Back in July, I talked about how webcomics apps have been on the rise, following the ubiquitous of smartphones. I noted that one primary benefit they have is that they help curate the number of webcomic titles a reader might have to sift through in order to find some they like. But try as I might, I just can’t get behind them.

It’s not that I don’t like them conceptually; as long the webcomic creators are providing their consent to have their work disseminated through an app, I have no problem with them. And that some apps cluster webcomics together to make it easier to find similar titles is nice too. But I have yet to see an app that is as comprehensive in its content as I would like. Nothing to date has come even remotely close.

I started reading webcomics regularly over a decade ago, before smartphones were a thing. I came across many that I didn’t like, and of course, more than a few that I did. And as time went on, I would periodically come across another title that struck my interest for one reason or another, and I’d start following that. I’d just grab their RSS feed, throw it in my feed reader of choice, and catch up as I was able. I think I’ve got something like 400-500 titles in my reader these days; I stopped counting at around 350. Some of them are popular names you’ve likely heard of; others you almost certainly haven’t heard of. Some are updated daily, some weekly, some on an irregular schedule whenever the creator has some time. Some are the full time job of the creator; for others, it’s merely a pastime to let off some steam. Some are flatly autobiographic; others are whimsical fantasy; others are just funny. Some are gorgeously rendered; others are little more than stick figures.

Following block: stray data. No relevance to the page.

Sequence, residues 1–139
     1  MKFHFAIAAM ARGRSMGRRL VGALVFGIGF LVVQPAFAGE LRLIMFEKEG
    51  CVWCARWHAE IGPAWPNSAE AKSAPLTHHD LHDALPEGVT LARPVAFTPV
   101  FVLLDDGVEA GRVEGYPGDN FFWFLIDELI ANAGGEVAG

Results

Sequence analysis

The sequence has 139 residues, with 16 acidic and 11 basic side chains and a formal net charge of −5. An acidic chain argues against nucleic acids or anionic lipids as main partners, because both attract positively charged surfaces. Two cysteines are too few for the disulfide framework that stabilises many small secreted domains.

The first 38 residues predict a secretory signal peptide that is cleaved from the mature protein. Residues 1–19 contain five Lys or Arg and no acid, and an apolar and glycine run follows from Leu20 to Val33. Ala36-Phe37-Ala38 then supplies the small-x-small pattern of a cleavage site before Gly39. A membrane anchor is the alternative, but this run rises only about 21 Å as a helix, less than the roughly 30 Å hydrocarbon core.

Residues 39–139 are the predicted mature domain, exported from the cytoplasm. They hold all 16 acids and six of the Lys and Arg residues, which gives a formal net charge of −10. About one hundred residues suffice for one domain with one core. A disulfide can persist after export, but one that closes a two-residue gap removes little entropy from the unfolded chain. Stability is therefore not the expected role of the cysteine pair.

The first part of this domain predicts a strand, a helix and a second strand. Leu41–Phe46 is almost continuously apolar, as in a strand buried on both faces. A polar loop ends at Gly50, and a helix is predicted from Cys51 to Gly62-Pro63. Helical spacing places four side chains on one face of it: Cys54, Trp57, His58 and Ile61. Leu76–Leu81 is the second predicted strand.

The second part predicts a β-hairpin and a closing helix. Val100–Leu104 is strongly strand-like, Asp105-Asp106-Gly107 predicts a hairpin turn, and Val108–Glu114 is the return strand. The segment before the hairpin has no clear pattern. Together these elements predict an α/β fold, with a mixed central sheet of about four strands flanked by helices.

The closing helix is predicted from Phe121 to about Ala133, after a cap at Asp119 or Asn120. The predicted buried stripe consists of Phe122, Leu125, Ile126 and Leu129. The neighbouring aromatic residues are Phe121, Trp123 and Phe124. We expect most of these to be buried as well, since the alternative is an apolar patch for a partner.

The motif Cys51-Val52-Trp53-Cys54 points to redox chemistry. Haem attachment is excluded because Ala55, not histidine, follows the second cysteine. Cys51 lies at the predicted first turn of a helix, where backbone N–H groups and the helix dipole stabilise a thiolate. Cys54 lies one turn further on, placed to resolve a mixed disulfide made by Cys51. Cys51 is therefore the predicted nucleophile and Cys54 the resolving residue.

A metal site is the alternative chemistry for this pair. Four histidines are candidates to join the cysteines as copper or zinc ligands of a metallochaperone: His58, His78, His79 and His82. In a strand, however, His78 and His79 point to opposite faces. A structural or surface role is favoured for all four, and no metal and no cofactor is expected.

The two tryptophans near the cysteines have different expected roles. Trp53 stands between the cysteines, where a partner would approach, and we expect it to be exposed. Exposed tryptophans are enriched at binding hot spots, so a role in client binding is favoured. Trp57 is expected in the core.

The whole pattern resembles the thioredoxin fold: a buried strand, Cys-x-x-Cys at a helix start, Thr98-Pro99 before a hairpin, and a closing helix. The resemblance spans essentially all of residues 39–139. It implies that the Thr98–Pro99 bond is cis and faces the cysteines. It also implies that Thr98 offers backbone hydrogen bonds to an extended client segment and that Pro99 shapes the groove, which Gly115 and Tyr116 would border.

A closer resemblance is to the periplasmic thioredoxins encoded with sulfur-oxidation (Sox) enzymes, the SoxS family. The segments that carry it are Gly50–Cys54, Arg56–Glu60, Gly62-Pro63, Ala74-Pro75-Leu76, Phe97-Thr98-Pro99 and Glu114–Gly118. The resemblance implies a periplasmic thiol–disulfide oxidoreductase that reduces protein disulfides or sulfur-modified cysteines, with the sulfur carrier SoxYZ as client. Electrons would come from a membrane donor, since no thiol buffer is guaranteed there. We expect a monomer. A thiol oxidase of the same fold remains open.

My point is that my webcomics reading list is pretty diverse. By design. I want to read a wide range of material and understand what people who aren’t like me are doing/thinking/feeling. And that is more difficult if I leave the curation up to somebody else.

That’s the nature of a curated collection, after all. You’re letting someone else decide what is or isn’t made available to you. Now whether that’s a deliberate selection process (where an app developer tracks down webcomic creators on their own and asks permission to utilize their work) or an accidental one (where creators need to ask to be included in the app) there will most definitely be a more finite list of titles to choose from, and that list could be, intentionally or not, skewed towards certain types of comics or certain types of creators.

And that type of process is precisely why superheroes dominate the comics direct market. To get a broader range of options—which, as I said, is precisely what I’m looking for—you can’t let someone else limit your choices before you even know they exist. If you only want to follow a particular niche, or a certain style of webcomic, there might be an app perfectly suited to your tastes. But so far, no one has gotten close to having the breadth of voices that I want to read about on a regular basis.

Of course, this is precisely the type of thing where I typically hold a very distinctly minority view. I’m sure there will be a webcomics app that will, probably in the next year or so, break out as the dominant player in that market. More power to whoever that might be, but I’m not likely to be one of their advocates just on the basis of what that type of app inherently does.

About The Author

Senior Editor, Comics & Lifestyle

Sean Kleefeld is an independent researcher whose work has been used by the likes of Marvel Entertainment, Titan Books and 20th Century Fox. He writes the ongoing “Incidental Iconography” column for The Jack Kirby Collector and had weekly “Kleefeld on Webcomics” and "Kleefeld's Fanthropology" columns for MTV Geek. He’s also contributed to Alter Ego, Back Issue and Comic Book Resources. Kleefeld’s 2009 book, Comic Book Fanthropology, addresses the questions of who and what comic fans are. He blogs daily at